Jacobi #1

I. Karl Gustav Jakob, a German mathematician, born in Potsdam, Dec. 10,1804, died in Berlin, Feb. 18, 1851. In 1825, on the recommendation of Hegel, he was sent to Konigsberg as instructor in mathematics, and in 1827 was appointed professor of mathematics there. In 1842 he made a journey to England, but on his return was obliged by ill health to resign his professorship, and after visiting Italy resided in Berlin. His importance in the history of mathematics is chiefly due to his discoveries in the theory of elliptic functions, and his principal work is the Fundamenta Nova Theorio3 Functionum Ellipticarum (Konigsberg, 1829), besides which he wrote many special memoirs. Under him, Bessel, and Neumann, the university of Konigsberg enjoyed a reputation as a school of mathematics surpassed by none in Europe. II. Moritz Hermann, a German savant resident in Russia, brother of the preceding, born in Potsdam, Sept. 21, 1801, died in St. Petersburg, March 10, 1874. At the age of 28 he went to Russia to seek his fortune, and soon attracted attention by his researches in physics.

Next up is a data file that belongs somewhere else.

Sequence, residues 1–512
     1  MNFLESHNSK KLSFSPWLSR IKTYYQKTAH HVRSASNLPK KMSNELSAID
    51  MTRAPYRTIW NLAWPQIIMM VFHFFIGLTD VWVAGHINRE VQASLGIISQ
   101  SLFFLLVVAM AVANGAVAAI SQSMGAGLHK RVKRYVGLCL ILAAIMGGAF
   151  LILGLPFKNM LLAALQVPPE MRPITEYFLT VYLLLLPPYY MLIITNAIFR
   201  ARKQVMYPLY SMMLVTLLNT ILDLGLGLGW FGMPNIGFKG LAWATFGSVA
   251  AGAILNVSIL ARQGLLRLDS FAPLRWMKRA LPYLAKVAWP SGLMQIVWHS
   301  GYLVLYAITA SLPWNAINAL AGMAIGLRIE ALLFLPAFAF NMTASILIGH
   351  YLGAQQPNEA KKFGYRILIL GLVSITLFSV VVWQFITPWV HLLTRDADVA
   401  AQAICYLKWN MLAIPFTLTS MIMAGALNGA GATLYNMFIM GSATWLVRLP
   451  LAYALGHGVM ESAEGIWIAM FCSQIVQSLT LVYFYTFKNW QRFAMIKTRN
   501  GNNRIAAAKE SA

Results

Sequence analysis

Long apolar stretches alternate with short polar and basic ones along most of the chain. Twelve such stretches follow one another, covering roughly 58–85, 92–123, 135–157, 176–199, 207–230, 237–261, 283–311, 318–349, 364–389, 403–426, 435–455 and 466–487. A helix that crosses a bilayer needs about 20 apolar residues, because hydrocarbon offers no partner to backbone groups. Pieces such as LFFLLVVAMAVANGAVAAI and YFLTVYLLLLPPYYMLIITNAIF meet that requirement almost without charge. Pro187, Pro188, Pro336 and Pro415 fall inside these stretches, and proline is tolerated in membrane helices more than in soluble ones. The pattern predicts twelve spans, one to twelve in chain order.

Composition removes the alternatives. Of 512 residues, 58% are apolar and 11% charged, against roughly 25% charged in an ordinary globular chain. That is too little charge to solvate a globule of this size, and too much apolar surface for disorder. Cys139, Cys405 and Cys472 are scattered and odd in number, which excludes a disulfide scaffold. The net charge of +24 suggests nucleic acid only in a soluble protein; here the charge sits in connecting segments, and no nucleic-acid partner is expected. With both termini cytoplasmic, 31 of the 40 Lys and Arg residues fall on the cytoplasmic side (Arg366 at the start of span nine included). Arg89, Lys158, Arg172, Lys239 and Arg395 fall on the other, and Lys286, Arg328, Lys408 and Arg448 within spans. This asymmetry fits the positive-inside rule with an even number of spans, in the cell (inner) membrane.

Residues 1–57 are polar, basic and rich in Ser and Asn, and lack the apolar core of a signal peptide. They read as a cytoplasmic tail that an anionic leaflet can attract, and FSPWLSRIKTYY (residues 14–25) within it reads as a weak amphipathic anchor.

In 1830 he constructed a short electric telegraph in St. Petersburg, and in 1832 one of 18 miles between two of the imperial residences, on which he made many experiments, and the important discovery that the earth could be used to complete the electric circuit. In 1837, simultaneously with Thomas Spencer of Liverpool, he invented the process of electrotyping; and in 1840 he published Die Galvanoplastik, which gained him admittance into the imperial academy of St. Petersburg. He soon after proposed to the czar the formation of a regiment of galvanic sappers, to be trained in the management of electricity. An immense battery was constructed for him, and he received the title of colonel in the galvanic regiment. He published many memoirs on the applications of electro-magnetism in the collections of the academy of St. Petersburg.